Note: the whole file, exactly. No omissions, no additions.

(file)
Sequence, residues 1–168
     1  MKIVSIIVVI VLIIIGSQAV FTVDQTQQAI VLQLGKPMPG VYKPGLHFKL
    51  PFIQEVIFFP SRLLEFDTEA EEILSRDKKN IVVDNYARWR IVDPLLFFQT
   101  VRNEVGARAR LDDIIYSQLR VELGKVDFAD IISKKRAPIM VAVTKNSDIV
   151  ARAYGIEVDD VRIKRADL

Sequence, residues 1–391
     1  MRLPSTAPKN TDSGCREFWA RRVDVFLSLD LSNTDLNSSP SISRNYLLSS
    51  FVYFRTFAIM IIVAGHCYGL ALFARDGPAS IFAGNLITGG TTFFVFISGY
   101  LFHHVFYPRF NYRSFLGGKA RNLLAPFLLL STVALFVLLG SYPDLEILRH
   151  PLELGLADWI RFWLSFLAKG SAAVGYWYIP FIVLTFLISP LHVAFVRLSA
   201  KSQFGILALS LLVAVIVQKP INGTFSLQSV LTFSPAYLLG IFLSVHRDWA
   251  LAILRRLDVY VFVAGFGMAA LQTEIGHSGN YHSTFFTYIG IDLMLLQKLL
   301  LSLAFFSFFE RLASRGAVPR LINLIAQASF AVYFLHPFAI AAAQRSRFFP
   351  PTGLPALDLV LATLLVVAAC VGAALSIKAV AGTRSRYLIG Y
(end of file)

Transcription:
Sequence, residues 1–168
     1  MKIVSIIVVI VLIIIGSQAV FTVDQTQQAI VLQLGKPMPG VYKPGLHFKL
    51  PFIQEVIFFP SRLLEFDTEA EEILSRDKKN IVVDNYARWR IVDPLLFFQT
   101  VRNEVGARAR LDDIIYSQLR VELGKVDFAD IISKKRAPIM VAVTKNSDIV
   151  ARAYGIEVDD VRIKRADL

Sequence, residues 1–391
     1  MRLPSTAPKN TDSGCREFWA RRVDVFLSLD LSNTDLNSSP SISRNYLLSS
    51  FVYFRTFAIM IIVAGHCYGL ALFARDGPAS IFAGNLITGG TTFFVFISGY
   101  LFHHVFYPRF NYRSFLGGKA RNLLAPFLLL STVALFVLLG SYPDLEILRH
   151  PLELGLADWI RFWLSFLAKG SAAVGYWYIP FIVLTFLISP LHVAFVRLSA
   201  KSQFGILALS LLVAVIVQKP INGTFSLQSV LTFSPAYLLG IFLSVHRDWA
   251  LAILRRLDVY VFVAGFGMAA LQTEIGHSGN YHSTFFTYIG IDLMLLQKLL
   301  LSLAFFSFFE RLASRGAVPR LINLIAQASF AVYFLHPFAI AAAQRSRFFP
   351  PTGLPALDLV LATLLVVAAC VGAALSIKAV AGTRSRYLIG Y